The National Cyber Security Alliance (NCSA) and Nasdaq recently hosted their third Cybersecurity Summit. This June 2017 event, hosted in New York, focused on the inherent challenges of humans in the digital world. While it is clear that simplification and automation are key tools for addressing those challenges, the discussion identified key areas of human impact, both adverse and innovative.
Topics tackled at the NCSA/Nasdaq event included:
- The growth of consumer technology, reliance on that technology and a debate about the future level of cyber awareness we will all need
- Redefining “work in cybersecurity” to ensure our enterprises and governments are properly staffed to operate in the digital economy
- Identifying pockets of behavior linked to human error, and the tools we can leverage to minimize the security risk of human error.
As one of the participants on the Minimizing Human Error panel, I had the privilege of joining a lively discussion about the innate risks of human behavior and a variety of mitigation processes. I raised this important point: in a connected world, our families are becoming a whole lot larger! And, as our third party ecosystems expand so too does our risk related to humans and their inevitable error. To minimize that particular security risk, we all need to use the full complement of tools available to us.
Those tools define a clear path to mitigation and, moreover, to innovation. For example, we must take the time to identify common behaviors and their impact on cybersecurity. We are all familiar with the simple response to demands for highly complex and lengthy passwords – a sea of sticky notes with saved passwords, so we can “remember.” Yet, that natural response inevitably increases the risk of unauthorized access. Now, compound that behavior across the entire population of our digital ecosystems. Recognizing the human reality of this security memory burden, NIST’s recent draft SP 800-63-3 proposes a solution to the problem: the use of highly personal passphrases that are the memorized secrets of each user. For a summary of NIST’s passphrase guideline criteria see Greg Master’s recent SC Magazine article “Shift in Password Strategy from NIST”.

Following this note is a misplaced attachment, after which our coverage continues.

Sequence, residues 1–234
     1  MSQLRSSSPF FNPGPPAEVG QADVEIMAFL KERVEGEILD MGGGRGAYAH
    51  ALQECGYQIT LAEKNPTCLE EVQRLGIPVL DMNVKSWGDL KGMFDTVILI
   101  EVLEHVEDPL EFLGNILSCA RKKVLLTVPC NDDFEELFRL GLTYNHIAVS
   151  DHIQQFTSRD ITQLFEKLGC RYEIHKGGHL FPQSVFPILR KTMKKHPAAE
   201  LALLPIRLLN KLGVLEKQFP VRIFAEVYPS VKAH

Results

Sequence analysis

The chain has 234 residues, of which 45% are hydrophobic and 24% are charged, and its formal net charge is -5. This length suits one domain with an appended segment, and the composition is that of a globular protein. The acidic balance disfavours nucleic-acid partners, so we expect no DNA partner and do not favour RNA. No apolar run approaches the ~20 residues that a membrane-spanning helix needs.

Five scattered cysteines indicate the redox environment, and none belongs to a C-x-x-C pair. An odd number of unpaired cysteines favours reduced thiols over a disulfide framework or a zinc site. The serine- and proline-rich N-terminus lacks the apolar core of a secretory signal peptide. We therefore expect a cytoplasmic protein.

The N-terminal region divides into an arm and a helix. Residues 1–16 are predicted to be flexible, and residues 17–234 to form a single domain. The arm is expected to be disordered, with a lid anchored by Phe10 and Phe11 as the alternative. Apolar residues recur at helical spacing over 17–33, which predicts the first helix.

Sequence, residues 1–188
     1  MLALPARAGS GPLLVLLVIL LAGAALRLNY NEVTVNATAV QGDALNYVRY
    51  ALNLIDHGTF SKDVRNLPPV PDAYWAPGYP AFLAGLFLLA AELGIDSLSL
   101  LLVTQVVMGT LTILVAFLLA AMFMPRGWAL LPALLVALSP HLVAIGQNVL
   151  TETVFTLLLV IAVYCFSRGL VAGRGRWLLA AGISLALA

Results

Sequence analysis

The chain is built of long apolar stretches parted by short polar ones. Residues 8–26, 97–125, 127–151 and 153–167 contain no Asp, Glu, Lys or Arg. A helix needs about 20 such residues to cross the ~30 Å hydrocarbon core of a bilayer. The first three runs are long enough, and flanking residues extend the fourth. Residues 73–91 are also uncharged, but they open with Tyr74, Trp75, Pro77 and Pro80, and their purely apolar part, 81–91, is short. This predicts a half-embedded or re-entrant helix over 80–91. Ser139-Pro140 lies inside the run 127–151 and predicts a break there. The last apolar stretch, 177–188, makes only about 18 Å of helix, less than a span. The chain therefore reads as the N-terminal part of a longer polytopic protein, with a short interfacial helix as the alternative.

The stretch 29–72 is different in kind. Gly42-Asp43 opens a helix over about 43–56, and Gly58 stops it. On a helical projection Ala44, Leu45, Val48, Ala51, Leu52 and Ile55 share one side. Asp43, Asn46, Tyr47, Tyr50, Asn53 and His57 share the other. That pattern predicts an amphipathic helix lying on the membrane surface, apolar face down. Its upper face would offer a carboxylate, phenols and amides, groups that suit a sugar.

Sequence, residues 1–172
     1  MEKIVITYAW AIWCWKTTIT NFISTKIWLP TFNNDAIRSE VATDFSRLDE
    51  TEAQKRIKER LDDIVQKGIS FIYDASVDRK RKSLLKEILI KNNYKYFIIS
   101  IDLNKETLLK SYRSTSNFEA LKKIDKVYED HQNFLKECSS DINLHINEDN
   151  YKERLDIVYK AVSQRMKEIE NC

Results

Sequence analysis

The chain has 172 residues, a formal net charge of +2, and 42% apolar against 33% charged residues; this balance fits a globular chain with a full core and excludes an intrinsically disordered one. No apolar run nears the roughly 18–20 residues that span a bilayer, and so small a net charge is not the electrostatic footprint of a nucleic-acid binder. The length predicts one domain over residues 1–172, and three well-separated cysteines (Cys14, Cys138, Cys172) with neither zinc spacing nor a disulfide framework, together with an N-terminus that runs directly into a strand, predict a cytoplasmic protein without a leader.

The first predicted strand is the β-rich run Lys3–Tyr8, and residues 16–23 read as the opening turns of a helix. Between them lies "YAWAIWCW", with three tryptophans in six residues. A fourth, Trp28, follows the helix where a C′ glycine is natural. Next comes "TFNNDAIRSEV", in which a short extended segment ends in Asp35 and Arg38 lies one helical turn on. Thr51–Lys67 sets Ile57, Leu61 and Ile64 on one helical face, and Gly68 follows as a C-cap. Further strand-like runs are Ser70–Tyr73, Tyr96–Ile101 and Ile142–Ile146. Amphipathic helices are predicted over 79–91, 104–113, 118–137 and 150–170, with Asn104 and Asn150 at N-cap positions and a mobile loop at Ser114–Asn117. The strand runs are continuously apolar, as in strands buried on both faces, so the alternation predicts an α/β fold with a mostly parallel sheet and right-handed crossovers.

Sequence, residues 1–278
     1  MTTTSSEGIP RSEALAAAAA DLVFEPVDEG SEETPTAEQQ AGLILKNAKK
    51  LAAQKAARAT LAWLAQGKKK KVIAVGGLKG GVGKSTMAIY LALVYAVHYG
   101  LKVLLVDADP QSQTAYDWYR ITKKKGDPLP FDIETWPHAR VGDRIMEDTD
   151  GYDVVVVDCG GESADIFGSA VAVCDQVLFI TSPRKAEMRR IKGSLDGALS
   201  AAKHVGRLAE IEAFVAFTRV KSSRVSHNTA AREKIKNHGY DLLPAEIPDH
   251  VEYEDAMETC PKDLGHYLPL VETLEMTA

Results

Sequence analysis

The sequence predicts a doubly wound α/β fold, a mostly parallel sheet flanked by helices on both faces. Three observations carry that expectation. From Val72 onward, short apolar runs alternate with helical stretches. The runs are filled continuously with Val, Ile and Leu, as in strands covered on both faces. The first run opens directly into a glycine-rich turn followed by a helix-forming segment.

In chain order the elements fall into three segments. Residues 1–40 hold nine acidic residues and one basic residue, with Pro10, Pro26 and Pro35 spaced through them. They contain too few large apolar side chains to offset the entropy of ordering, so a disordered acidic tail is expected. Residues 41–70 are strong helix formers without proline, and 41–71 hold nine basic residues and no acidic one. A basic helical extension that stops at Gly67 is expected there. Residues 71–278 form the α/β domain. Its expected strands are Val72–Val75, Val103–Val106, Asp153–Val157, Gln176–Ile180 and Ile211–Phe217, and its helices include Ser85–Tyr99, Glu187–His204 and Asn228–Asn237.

Working with our third party ecosystem partners, we can leverage a comprehensive architecture and automation to accommodate some aspects of human error. Yet, we are still left with the reality of the human factor. It is up to us as security advocates and practitioners to build humanity in!
What might building humanity into our security architectures, process, devices and applications look like? Consider the following as a foundation:
- Use an SDL mindset and apply it to all physical and operational security, both hardware and software.
- As part of the development and deployment of security processes, evaluate the likely human “workarounds” or mistakes. Then build to accommodate them.
- Offer flexibility in security implantation – a rigid architecture will not necessarily result in a higher percentage of the security goals being achieved. Often suggesting the final goal rather than prescribing a specific method of how to get there has a greater degree of success.
Let me offer an example of the need to build humanity in. Last year a fatality occurred due to a combined technology/human failure of Tesla’s Autopilot. The technology failed because it could not recognize a white tractor-trailer against the sunlit background and did not engage the brakes. The human failed because despite being able to see vehicle in front of him – he had grown accustomed to relying on Autopilot. The reality: the handoff between machine and human did not adequately address innate human behavior. If the car drives itself, we do not pay attention and, in fact, do not even bother to hold onto the steering wheel.
To quote a cliché, “to err is human.” That’s why I firmly believe that human-machine teaming is the answer. Because the combination of human and artificial intelligence is more powerful than either alone. And that together, they can make our cyber world a safer place.